The landlord can, if it wishes to object, serve a counter-notice by the first date specified in the Claim Notice, objecting to the right of the RTM Company to take over the management of the building.

If the landlord fails to object and, in the absence of any dispute, the RTM Company will take over the management of the building on the second date stipulated in the Claim Notice.  However, if the landlord objects to the right of the RTM Company, then the matter has to be referred to the FTT for determination which will delay the date on which the right is acquired.

Prior to acquiring the Right to Manage, the RTM Company can serve an Information Notice on the Landlord and its managing agents in order to obtain all information necessary to effectively manage the building.

How long will the process take?

In most cases, the earliest period within which the Right to Manage can be acquired is four months from the date the Claim Notice is given.

How much does it cost?

The cost will depend on numerous factors, including the size of the building, number of intermediate landlords and the number of participating tenants.  Clearly, the more tenants that participate then economies of scale will apply and the cost will be spread more evenly.  In addition to legal costs, the tenant may have to pay for the costs of an accountant, surveyor, new managing agents and counsel, should a barrister's opinion be required on any technical issue.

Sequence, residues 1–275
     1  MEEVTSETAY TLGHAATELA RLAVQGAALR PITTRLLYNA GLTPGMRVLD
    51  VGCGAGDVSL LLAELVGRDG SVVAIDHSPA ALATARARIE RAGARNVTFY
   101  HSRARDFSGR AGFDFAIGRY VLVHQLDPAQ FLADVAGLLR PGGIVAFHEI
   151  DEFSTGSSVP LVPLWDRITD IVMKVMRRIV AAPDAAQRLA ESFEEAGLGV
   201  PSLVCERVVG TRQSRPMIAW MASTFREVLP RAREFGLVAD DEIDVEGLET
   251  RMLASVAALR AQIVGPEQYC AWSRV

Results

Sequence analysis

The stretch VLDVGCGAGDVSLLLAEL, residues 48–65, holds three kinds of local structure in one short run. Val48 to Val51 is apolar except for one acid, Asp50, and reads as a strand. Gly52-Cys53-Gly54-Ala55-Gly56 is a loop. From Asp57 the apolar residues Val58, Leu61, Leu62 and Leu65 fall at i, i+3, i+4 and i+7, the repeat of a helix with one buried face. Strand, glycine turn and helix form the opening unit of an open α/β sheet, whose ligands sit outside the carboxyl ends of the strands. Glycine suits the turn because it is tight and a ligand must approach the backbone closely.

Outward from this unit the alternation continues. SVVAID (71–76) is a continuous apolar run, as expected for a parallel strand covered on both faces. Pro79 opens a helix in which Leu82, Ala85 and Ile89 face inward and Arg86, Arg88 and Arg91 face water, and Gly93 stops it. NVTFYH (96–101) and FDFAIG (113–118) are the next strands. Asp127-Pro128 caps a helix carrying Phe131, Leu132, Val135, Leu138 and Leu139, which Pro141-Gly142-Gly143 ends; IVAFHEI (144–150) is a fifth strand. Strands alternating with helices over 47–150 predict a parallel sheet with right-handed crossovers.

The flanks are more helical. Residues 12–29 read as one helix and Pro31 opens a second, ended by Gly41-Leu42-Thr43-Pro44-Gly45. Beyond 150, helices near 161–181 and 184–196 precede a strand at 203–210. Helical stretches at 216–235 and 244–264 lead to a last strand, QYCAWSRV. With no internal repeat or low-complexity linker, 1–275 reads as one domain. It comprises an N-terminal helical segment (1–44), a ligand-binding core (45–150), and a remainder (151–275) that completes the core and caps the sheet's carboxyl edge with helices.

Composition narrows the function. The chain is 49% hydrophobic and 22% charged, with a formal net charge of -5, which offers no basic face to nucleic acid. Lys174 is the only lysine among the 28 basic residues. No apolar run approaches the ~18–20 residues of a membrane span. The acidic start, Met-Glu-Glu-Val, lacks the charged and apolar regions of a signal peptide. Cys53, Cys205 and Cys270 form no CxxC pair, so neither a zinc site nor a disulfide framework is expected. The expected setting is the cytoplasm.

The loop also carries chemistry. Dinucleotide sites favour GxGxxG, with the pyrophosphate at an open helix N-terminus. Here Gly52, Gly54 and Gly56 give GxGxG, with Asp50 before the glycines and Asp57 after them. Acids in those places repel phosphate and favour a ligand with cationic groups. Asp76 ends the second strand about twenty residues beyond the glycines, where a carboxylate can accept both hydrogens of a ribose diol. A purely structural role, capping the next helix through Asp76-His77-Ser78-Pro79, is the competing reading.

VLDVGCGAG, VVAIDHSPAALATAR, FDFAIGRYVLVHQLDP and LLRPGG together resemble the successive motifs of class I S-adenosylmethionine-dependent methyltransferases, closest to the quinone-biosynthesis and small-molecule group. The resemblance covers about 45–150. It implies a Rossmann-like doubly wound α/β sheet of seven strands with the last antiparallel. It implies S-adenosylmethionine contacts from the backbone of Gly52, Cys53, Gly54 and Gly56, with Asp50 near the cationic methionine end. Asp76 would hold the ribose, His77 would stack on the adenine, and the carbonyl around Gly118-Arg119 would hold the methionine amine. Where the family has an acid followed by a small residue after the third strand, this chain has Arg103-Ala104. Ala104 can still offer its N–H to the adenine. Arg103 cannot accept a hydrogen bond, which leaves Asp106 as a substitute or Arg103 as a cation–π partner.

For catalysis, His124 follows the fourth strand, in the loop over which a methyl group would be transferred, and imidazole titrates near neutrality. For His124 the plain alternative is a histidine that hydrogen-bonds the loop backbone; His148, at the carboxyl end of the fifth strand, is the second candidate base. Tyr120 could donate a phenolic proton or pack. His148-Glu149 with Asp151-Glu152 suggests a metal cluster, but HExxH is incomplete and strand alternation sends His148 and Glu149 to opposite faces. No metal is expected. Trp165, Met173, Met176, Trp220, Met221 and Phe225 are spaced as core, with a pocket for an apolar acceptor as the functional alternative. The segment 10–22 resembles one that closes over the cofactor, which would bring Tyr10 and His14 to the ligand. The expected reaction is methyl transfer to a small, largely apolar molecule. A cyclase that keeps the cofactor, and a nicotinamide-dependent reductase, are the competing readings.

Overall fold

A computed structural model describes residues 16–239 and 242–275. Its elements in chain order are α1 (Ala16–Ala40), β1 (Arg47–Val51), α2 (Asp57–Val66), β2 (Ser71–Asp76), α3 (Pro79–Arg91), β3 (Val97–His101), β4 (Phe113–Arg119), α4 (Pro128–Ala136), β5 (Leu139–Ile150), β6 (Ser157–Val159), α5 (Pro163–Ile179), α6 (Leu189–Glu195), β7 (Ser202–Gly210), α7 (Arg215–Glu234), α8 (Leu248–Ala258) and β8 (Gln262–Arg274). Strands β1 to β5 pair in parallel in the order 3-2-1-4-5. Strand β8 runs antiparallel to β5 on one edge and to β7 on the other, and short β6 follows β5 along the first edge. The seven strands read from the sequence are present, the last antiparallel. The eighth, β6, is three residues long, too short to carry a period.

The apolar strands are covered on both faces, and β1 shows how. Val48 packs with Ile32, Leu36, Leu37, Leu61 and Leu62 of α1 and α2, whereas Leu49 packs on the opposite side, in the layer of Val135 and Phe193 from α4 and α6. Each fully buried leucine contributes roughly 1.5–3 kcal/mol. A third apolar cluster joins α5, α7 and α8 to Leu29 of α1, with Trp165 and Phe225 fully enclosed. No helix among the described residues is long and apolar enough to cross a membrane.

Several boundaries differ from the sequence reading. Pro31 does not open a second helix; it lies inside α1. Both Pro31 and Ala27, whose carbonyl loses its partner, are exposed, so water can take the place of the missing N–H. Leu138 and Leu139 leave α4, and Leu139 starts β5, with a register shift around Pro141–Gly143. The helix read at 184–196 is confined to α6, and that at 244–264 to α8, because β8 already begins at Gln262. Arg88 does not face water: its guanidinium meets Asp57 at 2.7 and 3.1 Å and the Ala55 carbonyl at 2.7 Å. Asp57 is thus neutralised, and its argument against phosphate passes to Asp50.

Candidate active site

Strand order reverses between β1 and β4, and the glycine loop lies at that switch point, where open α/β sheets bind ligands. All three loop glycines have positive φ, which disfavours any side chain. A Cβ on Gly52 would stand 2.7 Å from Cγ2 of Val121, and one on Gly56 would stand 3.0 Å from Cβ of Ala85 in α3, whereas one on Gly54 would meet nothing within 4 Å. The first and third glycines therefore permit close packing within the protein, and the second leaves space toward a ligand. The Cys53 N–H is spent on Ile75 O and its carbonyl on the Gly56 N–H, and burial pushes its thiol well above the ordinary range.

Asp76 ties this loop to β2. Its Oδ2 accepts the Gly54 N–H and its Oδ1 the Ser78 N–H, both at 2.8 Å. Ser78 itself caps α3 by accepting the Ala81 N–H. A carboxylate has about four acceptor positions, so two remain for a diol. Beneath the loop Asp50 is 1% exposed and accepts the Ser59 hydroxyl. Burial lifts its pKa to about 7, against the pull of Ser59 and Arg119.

You would also be liable to pay the reasonable costs the landlord incurs in complying with the steps laid down by the legislation.

How do we get ourselves organised?

It is usual for a residents’ committee to be formed and for one or two key tenants to drive the matter forward.  Clearly, prior to proceeding, the tenants may wish to consult with the other tenants.  Once it is established that there is support for the idea, it would be a good idea to invite a solicitor to attend a meeting of the committee to answer questions, to explain what is involved and to set out the pros and cons. 

Do we need a binding commitment from every participating tenant?

We would always recommend this.  This can be achieved either formally with a participation agreement (which we would recommend even though it adds to the expense of the claim) or informally by waiting for funds at each key stage in the process.  These are at the preliminary stage, the formation of the RTM Company, the exercise of the claim and then prior to the taking up of the right when the landlords costs are known.

What happens once the RTM Claim is completed?

At this point the RTM Company can decide which contracts for services can be retained.  The RTM Company becomes responsible for the smooth running of the administration of the Building and will usually appoint a managing agent to undertake this obligation. The new managing agent (if appointed) will receive any accrued but uncommitted service charge funds held by the former managing agents. 

The RTM Company can now approve consents to assign or alter but is required to notify the landlord before such approval is given, either on 30 or 14 days' notice depending on the type of approval required.  The RTM Company should either arrange for a new policy to cover the insurance of the building or for the existing policy to be continued by the landlord.

When can the RTM come to an end?

When either the RTM Company is wound up, or if a manager is appointed under the 1987 Act or if it acquires the freehold.

Penningtons Manches Cooper LLP

Penningtons Manches Cooper LLP is a limited liability partnership registered in England and Wales with registered number OC311575 and is authorised and regulated by the Solicitors Regulation Authority.

Penningtons Manches Cooper LLP